g. CRM systems can be classified into the following three sub-categories (Shahnam 2000): Operational CRM systems improve the efficiency of CRM delivery and support processes. campaign management. the so-called CRM Value Metric. They therefore support the CRM analysis processes. using case study research. and the web). and CRM processes and systems. Thereafter. 1124). CRM processes are supported by information systems in order to handle huge amounts of customer data and ensure efficient workflows. Performance measurement in CRM could solve this problem since it supports strategy implementation by defining concrete objectives and measures. They entail solutions for marketing. We will present examples of both. customer profiling. 2000. p. sales and service automation. service management. the difficulty mentioned above of assigning the cause and effects of CRM is surmounted. In this paper. Analytical CRM systems store and evaluate knowledge about customers. sales and service. -2- categories of CRM processes: CRM delivery processes are those processes with direct customer contact (i. mySAP CRM. 5). Collaborative CRM systems manage and synchronize customer interaction points and communication channels (e. many CRM benefits are of a qualitative nature and it is therefore difficult to prove their influence on financial results. such as “turnover” or “costs”. CRM analysis and support processes are processes that consolidate and analyze the customer knowledge that has been collected in other CRM processes. feedback management. and knowledge management). lead management. we examine performance measurement practices in CRM initiatives in financial services companies and identify related challenges and determine their causes. with the reasons for this failure often being an unsuccessful strategic as well as organizational implementation (Murphy/Russell 2002. 2000. These difficulties result from the manifold relationships between functional areas such as marketing. and complaint management). Traditional investment appraisal offers methods with which to calculate the monetary results of CRM investments. Performance measurement in CRM can either focus on calculating the monetary benefit of CRM investments. the clear statement and communication of strategic objectives promotes swifter implementation of activities (Neely et al. Measuring CRM performance is a challenge: it is difficult to define the causal connections between CRM activities and the company’s economic results. 1. Consequently. was implemented (Selchert 2004). we first provide a short introduction to performance measurement of CRM. the telephone. sales management. as a function of several determinants. 2). whose connection is explicated by mathematical operators (Neely et al. p. These methods represent results. In addition. with which to calculate the cash flow ROI (CFROI) of 35 projects in which the CRM software. e. customer scoring. Selchert developed a method. or on measuring and managing the success of CRM activities and processes.g. Furthermore. p. email. such as “return” or “ROI”. . The findings of the analysis are passed on to the CRM delivery processes to improve the latter’s effectiveness (i. 1121).e. p. This method defines functional chains that link financial indicators to operative measures that reflect the changes initiated by CRM.e. customer segmentation.2 Performance Measurement of CRM Performance measurement can be defined as the process of quantifying the efficiency and effectiveness of past actions (Neely 1998. data warehousing and data mining systems. Implementing CRM is a long-term process and 50-70% of all CRM initiatives do not achieve their goals.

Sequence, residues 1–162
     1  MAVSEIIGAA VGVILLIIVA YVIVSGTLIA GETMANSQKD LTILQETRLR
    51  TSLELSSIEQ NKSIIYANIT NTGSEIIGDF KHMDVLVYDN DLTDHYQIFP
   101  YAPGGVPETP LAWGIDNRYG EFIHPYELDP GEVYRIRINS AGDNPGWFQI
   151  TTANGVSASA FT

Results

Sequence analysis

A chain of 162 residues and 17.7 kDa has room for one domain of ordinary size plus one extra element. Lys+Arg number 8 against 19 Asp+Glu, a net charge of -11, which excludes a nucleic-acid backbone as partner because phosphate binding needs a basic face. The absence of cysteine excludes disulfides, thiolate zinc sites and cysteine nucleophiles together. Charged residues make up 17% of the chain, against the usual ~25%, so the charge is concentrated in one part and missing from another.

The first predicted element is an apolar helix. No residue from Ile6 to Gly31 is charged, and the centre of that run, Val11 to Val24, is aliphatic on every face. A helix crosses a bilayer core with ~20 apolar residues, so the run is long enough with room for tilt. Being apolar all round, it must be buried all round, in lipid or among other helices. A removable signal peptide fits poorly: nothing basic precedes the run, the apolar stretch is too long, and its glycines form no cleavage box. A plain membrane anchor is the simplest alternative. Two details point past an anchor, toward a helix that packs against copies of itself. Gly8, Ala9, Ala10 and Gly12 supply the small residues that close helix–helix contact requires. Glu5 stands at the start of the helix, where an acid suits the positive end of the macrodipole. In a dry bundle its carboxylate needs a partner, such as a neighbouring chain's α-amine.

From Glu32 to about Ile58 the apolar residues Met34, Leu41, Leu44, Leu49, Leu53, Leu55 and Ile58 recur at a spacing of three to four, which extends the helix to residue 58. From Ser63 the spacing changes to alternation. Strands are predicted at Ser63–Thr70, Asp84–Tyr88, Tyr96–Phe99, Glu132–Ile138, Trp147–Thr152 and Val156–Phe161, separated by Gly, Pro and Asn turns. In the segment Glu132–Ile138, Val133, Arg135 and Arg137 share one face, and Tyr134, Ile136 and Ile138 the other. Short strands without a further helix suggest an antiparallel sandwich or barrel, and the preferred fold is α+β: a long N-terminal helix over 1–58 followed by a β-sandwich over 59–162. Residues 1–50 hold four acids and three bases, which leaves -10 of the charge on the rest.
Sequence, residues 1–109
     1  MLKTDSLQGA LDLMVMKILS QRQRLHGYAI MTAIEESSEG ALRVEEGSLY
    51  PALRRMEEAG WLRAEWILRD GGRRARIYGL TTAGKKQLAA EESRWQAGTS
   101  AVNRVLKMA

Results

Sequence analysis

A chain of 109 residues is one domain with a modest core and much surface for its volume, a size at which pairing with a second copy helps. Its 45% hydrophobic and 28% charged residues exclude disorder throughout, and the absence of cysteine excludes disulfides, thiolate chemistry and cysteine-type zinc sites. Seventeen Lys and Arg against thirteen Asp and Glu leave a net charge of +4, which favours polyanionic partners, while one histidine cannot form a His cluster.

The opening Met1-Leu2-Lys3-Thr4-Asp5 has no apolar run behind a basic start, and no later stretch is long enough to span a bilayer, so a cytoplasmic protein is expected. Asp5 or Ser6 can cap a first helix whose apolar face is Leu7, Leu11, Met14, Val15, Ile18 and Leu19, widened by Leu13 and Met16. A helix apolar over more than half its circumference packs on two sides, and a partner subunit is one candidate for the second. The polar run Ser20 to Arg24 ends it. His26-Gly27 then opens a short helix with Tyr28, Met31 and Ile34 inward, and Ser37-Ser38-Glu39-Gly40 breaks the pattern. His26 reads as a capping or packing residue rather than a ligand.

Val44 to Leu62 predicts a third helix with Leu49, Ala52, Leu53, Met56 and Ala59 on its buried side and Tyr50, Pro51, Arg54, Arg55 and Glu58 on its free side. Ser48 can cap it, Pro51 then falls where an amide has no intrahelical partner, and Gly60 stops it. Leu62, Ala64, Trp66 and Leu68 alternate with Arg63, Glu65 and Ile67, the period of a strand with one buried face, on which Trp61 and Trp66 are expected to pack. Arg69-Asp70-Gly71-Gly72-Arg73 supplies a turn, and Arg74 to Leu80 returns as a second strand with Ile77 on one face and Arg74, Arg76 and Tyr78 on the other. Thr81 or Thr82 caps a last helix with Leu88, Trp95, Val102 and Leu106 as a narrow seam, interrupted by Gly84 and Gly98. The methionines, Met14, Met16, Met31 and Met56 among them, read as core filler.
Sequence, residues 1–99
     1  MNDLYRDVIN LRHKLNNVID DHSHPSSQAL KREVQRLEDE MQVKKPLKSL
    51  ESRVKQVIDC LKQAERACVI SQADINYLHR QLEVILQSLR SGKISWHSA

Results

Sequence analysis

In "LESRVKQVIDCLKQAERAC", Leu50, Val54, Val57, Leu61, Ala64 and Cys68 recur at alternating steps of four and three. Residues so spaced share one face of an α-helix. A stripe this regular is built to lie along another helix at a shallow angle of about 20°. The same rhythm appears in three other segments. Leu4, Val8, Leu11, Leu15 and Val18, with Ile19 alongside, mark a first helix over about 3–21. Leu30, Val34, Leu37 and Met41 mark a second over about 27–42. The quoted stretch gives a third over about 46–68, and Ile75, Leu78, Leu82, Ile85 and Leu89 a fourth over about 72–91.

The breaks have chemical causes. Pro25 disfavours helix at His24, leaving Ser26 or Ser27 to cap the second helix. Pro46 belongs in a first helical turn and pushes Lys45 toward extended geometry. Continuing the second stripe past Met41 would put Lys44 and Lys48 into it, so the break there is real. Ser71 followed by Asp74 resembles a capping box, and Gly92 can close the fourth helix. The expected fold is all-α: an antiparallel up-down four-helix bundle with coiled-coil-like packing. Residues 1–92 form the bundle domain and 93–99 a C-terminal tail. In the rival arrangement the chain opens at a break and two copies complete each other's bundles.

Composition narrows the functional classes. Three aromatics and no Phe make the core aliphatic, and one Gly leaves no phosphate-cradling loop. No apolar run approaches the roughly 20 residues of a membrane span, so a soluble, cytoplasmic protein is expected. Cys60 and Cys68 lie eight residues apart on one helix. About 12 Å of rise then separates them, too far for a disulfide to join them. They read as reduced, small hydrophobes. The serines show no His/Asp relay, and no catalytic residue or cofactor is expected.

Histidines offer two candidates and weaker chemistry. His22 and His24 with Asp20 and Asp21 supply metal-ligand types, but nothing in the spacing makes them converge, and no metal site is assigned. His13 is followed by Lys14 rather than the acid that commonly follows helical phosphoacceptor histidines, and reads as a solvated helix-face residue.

the Customer Satisfaction perspective that measures the level of satisfaction achieved by products and services. To ensure comparability. the innovation perspective that reflects the company’s innovativeness and learning. We used a two-stage strategy for data analysis (Yin 2002). Increase Customer Customer Equity Value Increase Returns Reduce CRM Costs Increase number of customers Increase Customer retention Customer Satisfaction Increase Customer acquisition Increase Customer Satisfaction Increase campaign Reduce Service-process Service- Customer times management response Increase customized Interaction Campaign Increase self-service offers/flexibility Management quota Sales- management Customer Improve system support of Knowledge Increase customer customers and employees knowledge Figure 1: Causal connections of CRM value creation. the customer perspective that shows developments related to the customer base and. Table 1 provides a brief overview of the case sites. we collected the data through semi-structured interviews with key informants as well as through document analysis. We furthermore chose case sites that exhibited different business models and competitive environments and would thus differ widely in CRM strategy. operative and qualitative objectives of CRM and is thus a useful framework with which to measure CRM results. They are: the financial perspective that measures financial objectives. Kim et al. the within-case analysis of the data from each case . we focused on CRM in the retail banking segment of the respective companies. The four perspectives of their CRM-specific BSC are: the Customer Value perspective that measures the financial benefits gained from customers. finally. The research data were collected in a study of four Swiss and German financial services companies from June to October 2003. 2003). One well-known example of such a framework is the Balanced Scorecard (BSC) (Kaplan/Norton 1992). This BSC covers the financial. The site selection was based on a willingness to cooperate (Yin 2002) and on the CRM approach used. We therefore adopted the case study method proposed by Senger and Österle (Senger/Österle 2002). The BSC is a generic framework that can be customized to fit different requirements. Figure 1 shows some causal connections between value creation through the use of customer knowledge and IT and covers the four perspectives of the CRM-specific BSC. companies can use other types of measurement frameworks. which is an adaptation of Yin’s methodology (Yin 2002) for the field of information management. propose a CRM- specific BSC that captures the various benefits of CRM (Kim et al. These include financial and non-financial measures to present a comprehensive picture of the situation. -3- In order to facilitate strategy implementation in organizations and to measure and manage performance. the process perspective that focuses on the internal efficiency. During the first stage. processes and systems (Eisenhardt 1989). the Customer Interaction perspective that measures the operational excellence of internal processes and multi-channel management and the Customer Knowledge perspective that measures the quality of customer knowledge and data analysis. It comprises measures from four different perspectives that have proven to be relevant for management decision making. 2 Research Methodology The objective of our research was to identify the practices and challenges of CRM performance measurement in the financial services industry. In all four cases.